Benedict Lopez is impressed with the Icelandic capital’s move to promote sustainable mobility and the use of “pure energy” in its bid to reduce greenhouse gas emissions.
As a measure to attain its target of zero greenhouse gas emissions by 2040, Reykjavik, also known as the geothermal city, aims to reverse urban sprawl by promoting walking, cycling and public transport, perhaps following in the footsteps of Copenhagen.
Reykjavik, the world’s northern-most capital, with a population of just over 120,000, accounting for around 60 per cent of Iceland’s population, is known worldwide as a “pure energy city”, its power supply being derived from geothermal energy.
Now, the Icelandic capital is striving to become the world’s first carbon-neutral city.
Changing the popular mode of transport will be Reykjavik’s main challenge. Only 4 per cent of people in Iceland’s capital currently take the bus, but the city has an ambitious aim to treble the use of public transport by 2030, perhaps emulating the success of Curitiba in Brazil.
Included in the agenda for transformation is to increase the proportion of cyclists from 19 per cent to more than 30 per cent. The city is also encouraging its 9,000 public sector employees to use electric cars through incentives such as free parking and lower taxes. The city also aims to keep investing in bike paths for the people.
The city plans are to instal more electric car charging points and work with six neighbouring municipalities on a new rapid bus or light rail system.
Iceland was one of the first countries to ratify the Paris climate deal via a unilateral parliamentary vote.
In 2013, Iceland emitted 2.8 tonnes of greenhouse gas per person. In contrast, the United States has a greenhouse gas footprint of 16.5 tonnes per person.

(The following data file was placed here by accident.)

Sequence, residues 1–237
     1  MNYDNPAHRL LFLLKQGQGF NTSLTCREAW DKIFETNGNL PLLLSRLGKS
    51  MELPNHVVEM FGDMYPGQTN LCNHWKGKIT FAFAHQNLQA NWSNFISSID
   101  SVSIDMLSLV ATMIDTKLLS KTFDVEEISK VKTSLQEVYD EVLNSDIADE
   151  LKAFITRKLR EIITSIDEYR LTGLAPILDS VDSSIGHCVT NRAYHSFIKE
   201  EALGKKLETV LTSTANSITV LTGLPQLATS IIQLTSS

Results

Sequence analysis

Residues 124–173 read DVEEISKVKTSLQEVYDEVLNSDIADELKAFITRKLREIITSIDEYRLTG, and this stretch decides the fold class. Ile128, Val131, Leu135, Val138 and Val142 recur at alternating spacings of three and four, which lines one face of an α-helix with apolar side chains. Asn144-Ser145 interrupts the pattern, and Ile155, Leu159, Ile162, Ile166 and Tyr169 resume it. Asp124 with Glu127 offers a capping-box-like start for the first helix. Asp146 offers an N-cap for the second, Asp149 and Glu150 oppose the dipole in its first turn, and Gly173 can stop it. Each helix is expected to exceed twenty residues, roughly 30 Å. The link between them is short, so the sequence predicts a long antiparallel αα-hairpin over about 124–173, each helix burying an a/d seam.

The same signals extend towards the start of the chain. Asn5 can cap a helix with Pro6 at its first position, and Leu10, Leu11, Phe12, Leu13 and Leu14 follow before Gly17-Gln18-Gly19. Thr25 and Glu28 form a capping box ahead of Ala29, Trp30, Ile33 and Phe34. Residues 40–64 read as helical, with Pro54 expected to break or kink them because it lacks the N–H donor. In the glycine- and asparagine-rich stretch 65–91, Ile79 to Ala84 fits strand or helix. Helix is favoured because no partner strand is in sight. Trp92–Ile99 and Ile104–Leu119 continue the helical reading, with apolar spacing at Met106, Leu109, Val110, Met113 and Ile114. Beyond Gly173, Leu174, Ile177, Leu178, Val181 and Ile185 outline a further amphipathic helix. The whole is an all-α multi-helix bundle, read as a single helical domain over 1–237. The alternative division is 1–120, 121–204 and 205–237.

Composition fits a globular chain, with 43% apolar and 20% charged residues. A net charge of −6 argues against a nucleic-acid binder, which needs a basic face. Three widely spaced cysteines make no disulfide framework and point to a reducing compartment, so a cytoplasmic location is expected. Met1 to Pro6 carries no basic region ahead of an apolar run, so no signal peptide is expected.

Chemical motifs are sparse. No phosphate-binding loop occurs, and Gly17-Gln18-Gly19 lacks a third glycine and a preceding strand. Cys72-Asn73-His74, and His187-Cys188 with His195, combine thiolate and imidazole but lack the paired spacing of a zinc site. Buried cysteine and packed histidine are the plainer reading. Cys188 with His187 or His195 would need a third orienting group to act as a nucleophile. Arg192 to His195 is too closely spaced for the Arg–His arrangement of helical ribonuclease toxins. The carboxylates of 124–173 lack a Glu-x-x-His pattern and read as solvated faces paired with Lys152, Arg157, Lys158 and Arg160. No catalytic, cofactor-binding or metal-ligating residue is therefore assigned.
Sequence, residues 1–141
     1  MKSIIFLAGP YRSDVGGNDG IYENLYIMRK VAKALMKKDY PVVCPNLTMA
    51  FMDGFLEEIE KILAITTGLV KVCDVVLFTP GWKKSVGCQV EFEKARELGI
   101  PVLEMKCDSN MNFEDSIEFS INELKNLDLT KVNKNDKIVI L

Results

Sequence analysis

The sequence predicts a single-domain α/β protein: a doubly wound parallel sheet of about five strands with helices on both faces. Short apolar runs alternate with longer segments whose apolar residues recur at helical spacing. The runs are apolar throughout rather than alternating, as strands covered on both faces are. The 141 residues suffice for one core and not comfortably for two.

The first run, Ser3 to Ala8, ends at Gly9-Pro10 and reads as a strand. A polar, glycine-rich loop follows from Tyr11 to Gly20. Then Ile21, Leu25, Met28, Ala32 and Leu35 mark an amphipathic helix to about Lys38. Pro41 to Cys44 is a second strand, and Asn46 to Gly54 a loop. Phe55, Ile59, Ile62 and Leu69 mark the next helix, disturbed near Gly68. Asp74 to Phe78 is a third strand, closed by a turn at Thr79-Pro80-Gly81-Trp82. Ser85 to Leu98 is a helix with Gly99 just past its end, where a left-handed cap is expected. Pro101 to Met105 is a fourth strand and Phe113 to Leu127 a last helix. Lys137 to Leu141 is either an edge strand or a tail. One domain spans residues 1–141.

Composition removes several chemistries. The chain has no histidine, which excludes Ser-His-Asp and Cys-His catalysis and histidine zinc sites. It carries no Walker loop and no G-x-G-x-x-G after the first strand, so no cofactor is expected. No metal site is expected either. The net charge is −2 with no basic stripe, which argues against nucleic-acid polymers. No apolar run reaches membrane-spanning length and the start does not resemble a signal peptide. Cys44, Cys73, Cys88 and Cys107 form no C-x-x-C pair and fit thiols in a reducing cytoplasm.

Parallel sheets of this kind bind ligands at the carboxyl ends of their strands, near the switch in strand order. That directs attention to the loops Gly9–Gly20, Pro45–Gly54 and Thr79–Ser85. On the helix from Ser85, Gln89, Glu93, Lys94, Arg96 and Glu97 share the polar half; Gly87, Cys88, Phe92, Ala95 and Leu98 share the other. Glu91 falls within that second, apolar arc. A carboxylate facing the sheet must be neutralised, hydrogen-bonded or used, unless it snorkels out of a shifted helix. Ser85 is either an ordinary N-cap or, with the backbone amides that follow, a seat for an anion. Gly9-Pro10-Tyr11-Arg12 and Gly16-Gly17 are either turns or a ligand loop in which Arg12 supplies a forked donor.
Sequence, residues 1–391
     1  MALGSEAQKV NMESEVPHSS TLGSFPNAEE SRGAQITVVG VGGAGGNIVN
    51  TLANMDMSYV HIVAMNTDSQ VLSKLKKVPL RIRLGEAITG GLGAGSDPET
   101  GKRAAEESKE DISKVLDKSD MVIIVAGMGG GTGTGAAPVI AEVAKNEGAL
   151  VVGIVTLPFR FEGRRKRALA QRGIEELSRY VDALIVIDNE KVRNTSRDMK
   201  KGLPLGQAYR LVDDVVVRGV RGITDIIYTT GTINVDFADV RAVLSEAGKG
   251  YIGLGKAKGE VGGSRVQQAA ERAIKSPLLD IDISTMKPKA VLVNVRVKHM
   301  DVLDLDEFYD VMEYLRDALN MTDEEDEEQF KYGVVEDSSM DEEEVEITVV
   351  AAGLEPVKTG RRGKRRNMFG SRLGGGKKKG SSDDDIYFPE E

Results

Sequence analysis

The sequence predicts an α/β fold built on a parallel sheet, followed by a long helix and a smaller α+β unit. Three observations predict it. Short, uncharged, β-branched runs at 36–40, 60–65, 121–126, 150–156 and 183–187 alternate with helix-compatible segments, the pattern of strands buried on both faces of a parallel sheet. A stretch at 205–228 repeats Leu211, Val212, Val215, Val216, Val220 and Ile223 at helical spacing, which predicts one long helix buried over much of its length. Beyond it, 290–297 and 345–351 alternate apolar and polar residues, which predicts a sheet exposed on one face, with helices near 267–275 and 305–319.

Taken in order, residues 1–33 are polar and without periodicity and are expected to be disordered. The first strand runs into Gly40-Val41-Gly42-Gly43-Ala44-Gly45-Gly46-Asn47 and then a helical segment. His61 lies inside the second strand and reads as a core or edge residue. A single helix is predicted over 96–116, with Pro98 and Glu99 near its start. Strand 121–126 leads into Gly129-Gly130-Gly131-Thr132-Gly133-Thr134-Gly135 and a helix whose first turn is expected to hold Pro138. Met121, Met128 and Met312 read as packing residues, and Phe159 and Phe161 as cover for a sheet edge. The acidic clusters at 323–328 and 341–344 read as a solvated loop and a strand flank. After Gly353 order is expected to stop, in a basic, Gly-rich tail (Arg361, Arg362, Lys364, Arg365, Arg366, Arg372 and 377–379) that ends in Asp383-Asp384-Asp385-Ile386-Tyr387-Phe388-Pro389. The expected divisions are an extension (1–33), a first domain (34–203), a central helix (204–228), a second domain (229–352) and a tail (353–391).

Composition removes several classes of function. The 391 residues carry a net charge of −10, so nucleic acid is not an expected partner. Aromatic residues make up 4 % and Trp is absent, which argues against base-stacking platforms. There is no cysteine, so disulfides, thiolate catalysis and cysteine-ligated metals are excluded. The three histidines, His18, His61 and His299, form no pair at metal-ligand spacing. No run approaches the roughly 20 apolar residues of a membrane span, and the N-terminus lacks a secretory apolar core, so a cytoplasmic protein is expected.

Reykjavik has an advantage in comparison to many cities globally due to its reliance on geothermal energy.
Houses in Reykjavik have geothermal heating, in addition to 100 per cent hydro-electric power, but the pace of the turn towards natural energy will be intensified.
City surveys suggest young people are keen to live in the city.
But the city has to tackle high-density sprawl. “Carbon neutrality always comes down to urban form,” public transport expert Jarrett Walker was quoted as saying.
“Outside the small historic centre Reykjavík is mostly high-density sprawl: apartment blocks oriented towards motorways or fast streets rather than to pedestrian infrastructure or logical public transport paths. Many people in these towers can’t even walk to a convenience store.”
Iceland’s amazing geothermal features are anticipated to propel revenue from tourism – expected to account for about 10 per cent of the country’s gross domestic product in 2016.
Besides promoting tourism, improved green credentials could enhance the city’s attractiveness as an international conference location halfway across the Atlantic, Áshildur Bragadóttir, director of the Visit Reykjavík tourist body was reported as saying.
Besides the world famous Blue Lagoon, Iceland is endowed with geysers, water pools, glaciers, and volcanos – the landscape is constantly changing because of eruptions, earthquakes and climate change. The word geyser itself is derived from the Icelandic verb geysa, “to gush”.
Reference: The Guardian